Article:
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Aradigm fulfills US FDA request for 3rd-party review of respiratory disease drug


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Aradigm fulfills US FDA request for 3rd-party review of respiratory disease drug

Aradigm Corp. has completed an independent third-party evaluation of two phase 3 studies for its respiratory disease drug Apulmiq as requested by the U.S. Food and Drug Administration.

Hayward, Calif.-based Aradigm is seeking approval for Apulmiq, known in the EU as Linhaliq, for treating non-cystic fibrosis bronchiectasis, or NCFBE, patients with chronic lung pseudomonas aeruginosa infections. NCFBE is a severe, chronic and rare disease characterized by abnormal dilatation of the bronchi and bronchioles, frequently associated with chronic lung infections. Pseudomonas aeruginosa is a bacterium that can cause disease in plants and animals, including humans.

The FDA has already reviewed Apulmiq once, but ultimately rejected Aradigm's application in January 2018 after errors were discovered in data provided by a contract research organization relating to the safety and efficacy of the medicine. The agency's Antimicrobial Drugs Advisory Committee said it could not approve the drug, which is an inhalable formulation of ciprofloxacin, without a verification of the safety data from an independent third party.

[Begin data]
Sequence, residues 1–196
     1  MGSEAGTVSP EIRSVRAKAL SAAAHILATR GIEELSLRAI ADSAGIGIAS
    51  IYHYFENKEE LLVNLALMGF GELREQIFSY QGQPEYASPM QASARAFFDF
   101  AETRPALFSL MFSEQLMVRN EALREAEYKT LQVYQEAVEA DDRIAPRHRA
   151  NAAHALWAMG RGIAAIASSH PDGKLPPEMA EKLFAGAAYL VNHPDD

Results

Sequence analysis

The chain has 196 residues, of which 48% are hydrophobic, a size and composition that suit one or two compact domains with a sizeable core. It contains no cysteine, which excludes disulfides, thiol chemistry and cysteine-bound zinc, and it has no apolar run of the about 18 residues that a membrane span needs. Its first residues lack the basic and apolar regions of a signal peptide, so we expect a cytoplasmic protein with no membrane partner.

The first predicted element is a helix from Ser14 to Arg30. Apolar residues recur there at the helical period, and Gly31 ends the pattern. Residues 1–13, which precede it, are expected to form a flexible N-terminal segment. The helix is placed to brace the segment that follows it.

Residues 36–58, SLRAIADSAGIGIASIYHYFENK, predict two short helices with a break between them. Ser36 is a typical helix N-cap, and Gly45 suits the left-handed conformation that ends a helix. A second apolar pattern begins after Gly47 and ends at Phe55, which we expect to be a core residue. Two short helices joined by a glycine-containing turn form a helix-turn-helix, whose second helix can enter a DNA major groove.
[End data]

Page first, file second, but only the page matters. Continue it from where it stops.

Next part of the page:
In a Jan. 16 press release, Aradigm said the third-party review has been completed, and it confirmed the treatment effects seen by patients treated with Apulmiq and the main goals of the phase 3 clinical trials that support the FDA application. The new report confirmed that patients experienced a longer time between treatment and when their symptoms became worse — 231 days compared to 158 days to those given placebo. The patients on Apulmiq also showed a statistically significant reduction in the frequency of symptoms returning and severe events in comparison to placebo.

Aradigm has scheduled a meeting with the FDA for Jan. 25 to further discuss the report and resubmission of Apulmiq's new drug application. The company, which focuses on developing and commercializing therapies for respiratory diseases, is also addressing other issues the FDA identified, and a report has been submitted to the regulator for review.

There is no approved treatment to prevent or reduce NCFBE symptoms in patients with chronic lung pseudomonas aeruginosa infection. More than 150,000 people in the U.S. and over 200,000 people in Europe are affected by NCFBE, Aradigm said in the news release.